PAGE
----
Tri-District Hazmat Response In Northwestern Missouri

An increase in hazardous materials call volume in their response areas prompted three northwestern Missouri fire protection districts (FPDs) to combine resources and form the Tri-District Hazardous Materials Response Team (HMRT). The three districts...


An increase in hazardous materials call volume in their response areas prompted three northwestern Missouri fire protection districts (FPDs) to combine resources and form the Tri-District Hazardous Materials Response Team (HMRT). The three districts — Central Jackson County, Fort Osage and Sni...


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An increase in hazardous materials call volume in their response areas prompted three northwestern Missouri fire protection districts (FPDs) to combine resources and form the Tri-District Hazardous Materials Response Team (HMRT). The three districts — Central Jackson County, Fort Osage and Sni Valley — created the team to provide hazmat response in the eastern suburbs of Kansas City, MO, with its 75,000 residents in a coverage area of 52 square miles.

Central Jackson County provides housing for the hazardous materials response unit and the other districts provide personnel. When an alarm comes in, on-duty and off-duty technicians from all districts respond to Central Jackson County FPD Station 3 for a briefing and are transported to the incident scene. An engine company and medic unit may also be dispatched initially for decontamination and medical needs of the team. Team membership is voluntary and members are trained to the technician level. All other district personnel are trained to the operations level.

The Central Jackson County Fire Protection District (CJCFPD) was formed in 1961 from the Blue Springs and Lake Tapawingo areas of Jackson County. CJCFPD is led by Chief Steve Westermann and has five stations staffed by 124 career personnel, including eight dispatchers. Twenty-one firefighters are hazmat technicians and part of the Tri-District Hazmat Team. Apparatus operated by CJCFPD include four engine companies, one truck company, one rescue company and three medic units. CJCFPD also has a light/air unit, two tankers, two brush units and swiftwater, high-angle and trench rescue teams. A medevac helicopter and its crew are housed at Station 3, but not affiliated with the fire district.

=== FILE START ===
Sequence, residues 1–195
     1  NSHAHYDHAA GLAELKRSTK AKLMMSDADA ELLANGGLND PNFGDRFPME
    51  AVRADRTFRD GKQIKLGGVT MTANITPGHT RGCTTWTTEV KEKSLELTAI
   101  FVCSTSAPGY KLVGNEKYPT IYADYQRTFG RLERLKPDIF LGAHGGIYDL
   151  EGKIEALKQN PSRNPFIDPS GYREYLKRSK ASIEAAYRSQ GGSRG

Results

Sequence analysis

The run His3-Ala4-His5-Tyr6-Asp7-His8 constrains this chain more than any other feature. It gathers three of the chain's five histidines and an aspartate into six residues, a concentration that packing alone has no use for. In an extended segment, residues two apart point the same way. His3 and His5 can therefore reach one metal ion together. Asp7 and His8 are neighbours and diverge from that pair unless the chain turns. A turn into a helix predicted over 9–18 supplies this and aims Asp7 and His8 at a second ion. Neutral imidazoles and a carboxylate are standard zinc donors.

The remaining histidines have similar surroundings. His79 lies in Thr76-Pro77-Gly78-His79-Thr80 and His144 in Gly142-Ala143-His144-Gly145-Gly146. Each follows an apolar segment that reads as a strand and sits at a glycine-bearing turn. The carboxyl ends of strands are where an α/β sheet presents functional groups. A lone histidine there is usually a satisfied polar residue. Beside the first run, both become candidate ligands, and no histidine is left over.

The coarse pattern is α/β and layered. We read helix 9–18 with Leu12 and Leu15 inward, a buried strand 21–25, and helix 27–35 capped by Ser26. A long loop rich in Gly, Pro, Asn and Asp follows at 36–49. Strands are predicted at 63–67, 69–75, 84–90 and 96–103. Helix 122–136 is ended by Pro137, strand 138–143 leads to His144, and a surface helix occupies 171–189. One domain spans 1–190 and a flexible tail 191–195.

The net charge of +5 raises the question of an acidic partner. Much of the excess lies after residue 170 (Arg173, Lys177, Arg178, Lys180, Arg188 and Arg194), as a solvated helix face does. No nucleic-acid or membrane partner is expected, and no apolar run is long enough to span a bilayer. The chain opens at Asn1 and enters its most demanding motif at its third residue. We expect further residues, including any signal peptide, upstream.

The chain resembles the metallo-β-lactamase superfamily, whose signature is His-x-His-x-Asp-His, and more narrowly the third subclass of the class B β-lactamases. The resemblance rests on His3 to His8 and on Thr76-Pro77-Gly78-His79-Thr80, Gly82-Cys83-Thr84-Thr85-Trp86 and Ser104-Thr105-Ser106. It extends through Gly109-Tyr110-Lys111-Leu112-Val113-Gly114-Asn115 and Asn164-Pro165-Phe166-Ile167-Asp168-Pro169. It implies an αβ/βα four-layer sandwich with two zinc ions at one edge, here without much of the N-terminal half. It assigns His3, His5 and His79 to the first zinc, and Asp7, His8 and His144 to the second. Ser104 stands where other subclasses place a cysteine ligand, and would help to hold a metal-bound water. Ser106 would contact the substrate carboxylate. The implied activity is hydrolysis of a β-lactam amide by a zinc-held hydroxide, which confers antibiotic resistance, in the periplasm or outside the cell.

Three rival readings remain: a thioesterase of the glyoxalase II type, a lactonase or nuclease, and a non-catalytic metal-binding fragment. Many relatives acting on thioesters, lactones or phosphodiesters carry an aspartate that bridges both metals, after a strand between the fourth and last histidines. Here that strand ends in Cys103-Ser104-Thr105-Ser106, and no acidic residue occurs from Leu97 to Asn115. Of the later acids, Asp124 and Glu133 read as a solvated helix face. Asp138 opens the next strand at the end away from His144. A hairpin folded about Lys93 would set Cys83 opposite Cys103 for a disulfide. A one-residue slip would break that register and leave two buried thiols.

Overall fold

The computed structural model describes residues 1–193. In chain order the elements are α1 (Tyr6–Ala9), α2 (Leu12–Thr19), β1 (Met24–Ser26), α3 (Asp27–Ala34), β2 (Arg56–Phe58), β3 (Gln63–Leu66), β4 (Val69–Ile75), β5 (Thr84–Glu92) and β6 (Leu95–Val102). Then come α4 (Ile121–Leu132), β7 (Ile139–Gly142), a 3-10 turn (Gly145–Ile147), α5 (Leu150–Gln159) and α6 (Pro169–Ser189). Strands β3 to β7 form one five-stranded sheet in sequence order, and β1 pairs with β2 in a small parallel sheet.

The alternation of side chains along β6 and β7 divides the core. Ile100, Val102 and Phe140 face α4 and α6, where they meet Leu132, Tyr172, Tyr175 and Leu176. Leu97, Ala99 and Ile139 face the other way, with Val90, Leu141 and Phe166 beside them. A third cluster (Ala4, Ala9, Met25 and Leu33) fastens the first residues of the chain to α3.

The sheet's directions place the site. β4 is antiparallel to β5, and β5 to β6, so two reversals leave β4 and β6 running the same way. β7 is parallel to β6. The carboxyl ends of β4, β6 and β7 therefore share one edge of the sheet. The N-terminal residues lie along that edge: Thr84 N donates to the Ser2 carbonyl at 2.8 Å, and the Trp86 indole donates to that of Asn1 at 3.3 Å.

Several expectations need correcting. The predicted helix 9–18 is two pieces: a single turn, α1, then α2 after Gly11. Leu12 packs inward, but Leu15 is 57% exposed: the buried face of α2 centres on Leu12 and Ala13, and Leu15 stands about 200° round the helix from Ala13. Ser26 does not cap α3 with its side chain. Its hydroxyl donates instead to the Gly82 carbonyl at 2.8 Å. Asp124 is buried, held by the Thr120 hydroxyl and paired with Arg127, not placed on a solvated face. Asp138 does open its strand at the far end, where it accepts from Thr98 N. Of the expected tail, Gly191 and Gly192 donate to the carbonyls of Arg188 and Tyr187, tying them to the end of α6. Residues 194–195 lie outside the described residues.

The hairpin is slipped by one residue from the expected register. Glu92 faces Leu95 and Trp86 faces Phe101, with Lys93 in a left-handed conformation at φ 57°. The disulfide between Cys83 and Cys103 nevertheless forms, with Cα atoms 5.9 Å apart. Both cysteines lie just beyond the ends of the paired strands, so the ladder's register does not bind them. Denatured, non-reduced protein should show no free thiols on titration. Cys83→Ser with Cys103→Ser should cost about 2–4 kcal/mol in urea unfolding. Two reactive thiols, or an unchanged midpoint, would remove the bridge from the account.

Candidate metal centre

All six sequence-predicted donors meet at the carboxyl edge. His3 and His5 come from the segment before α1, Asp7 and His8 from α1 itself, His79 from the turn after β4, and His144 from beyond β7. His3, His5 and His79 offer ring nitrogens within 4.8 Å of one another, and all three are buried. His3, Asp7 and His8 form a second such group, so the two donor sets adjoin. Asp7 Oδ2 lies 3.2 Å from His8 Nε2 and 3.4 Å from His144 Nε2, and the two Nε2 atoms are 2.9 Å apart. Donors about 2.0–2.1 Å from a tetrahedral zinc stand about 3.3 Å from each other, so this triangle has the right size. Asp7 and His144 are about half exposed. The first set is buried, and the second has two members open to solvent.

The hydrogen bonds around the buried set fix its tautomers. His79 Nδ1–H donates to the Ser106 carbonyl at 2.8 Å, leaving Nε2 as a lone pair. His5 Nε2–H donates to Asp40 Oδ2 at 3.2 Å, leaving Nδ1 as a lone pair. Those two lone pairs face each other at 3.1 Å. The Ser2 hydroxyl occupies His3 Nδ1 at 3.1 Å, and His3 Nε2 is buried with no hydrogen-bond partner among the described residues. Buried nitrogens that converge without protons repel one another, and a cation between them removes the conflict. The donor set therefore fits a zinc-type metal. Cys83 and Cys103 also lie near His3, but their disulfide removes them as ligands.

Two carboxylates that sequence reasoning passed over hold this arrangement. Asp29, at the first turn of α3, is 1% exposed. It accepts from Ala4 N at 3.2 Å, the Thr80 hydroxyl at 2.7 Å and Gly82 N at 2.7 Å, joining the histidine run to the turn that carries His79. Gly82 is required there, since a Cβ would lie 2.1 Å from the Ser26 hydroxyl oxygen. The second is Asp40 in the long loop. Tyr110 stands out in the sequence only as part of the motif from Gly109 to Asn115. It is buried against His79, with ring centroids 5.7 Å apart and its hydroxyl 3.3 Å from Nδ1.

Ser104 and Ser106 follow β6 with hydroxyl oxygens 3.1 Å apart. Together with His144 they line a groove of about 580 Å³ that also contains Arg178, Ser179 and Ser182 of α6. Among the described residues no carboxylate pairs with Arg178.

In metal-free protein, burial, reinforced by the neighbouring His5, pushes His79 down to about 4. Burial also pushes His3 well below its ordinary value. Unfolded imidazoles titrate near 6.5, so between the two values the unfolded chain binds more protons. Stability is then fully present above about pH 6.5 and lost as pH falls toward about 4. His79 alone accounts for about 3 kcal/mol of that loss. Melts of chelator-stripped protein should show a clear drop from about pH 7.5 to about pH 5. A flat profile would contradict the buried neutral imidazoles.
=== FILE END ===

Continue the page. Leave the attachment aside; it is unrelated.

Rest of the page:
The Fort Osage Fire Protection District was formed in 1953 and covers 115 square miles, including the towns of Buckner, Levasy, River Bend and Sibley, the former Salem FPD and the surrounding rural areas with a population of 15,000. The name Fort Osage came from the original fort along the Missouri River, which was a trading post in the early 1800s. The district's 34 paid personnel are led by Chief Greg Pottberg. They respond from three stations with three engine companies, one truck company, three medic units, two brush trucks and two tankers. The district is bounded by Liberty on the north, Independence, Kansas City and Sugar Creek on the west, the Central Jackson County and Sni Valley FPDs on the south, and the Wellington-Napoleon FPD on the east. Twelve personnel are trained to the hazmat technician level and are members of the Tri-District HMRT.

The Sni Valley Fire Protection District was formed in 1976, incorporating the City of Oak Grove Fire Department and 40 square miles of rural Jackson County. Fire protection districts in Missouri are government subdivisions and can levy property taxes and, in some cases, sales taxes. Other government subdivisions can petition the fire protection district to become a part of it. In 1978, a 38-square-mile area of Lafayette County, including Bates City, voted to join the Sni Valley FPD. That brought the district to the present 78-square-mile coverage area. The name Sni Valley comes from Sni-A-Bar Creek and the district boundaries' cover most of the creek's watershed area. The Sni Valley FPD is led by Chief John Van Gorkom with 19 career personnel and 12 volunteers operating from two stations. Sni Valley FPD responds with two engine companies, one truck company, two water tenders (tankers), two advanced life support (ALS) medic units and two brush trucks. Six personnel are trained to the hazmat technician level and are members of the Tri-District HMRT.

In the mid-1980s, a leaking tank car of formic acid started local chiefs thinking about establishing a hazmat team. In April 1988, the Tri-District team was placed in operation with a retired United Parcel Service (UPS) truck, two beverage trucks and a retired ambulance. Originally, the team's equipment was housed at Central Jackson County Station 4, which became the training academy. For the past 12 years, the Tri-District hazardous materials response unit, HM-1, has been housed at CJCFPD Station 3.

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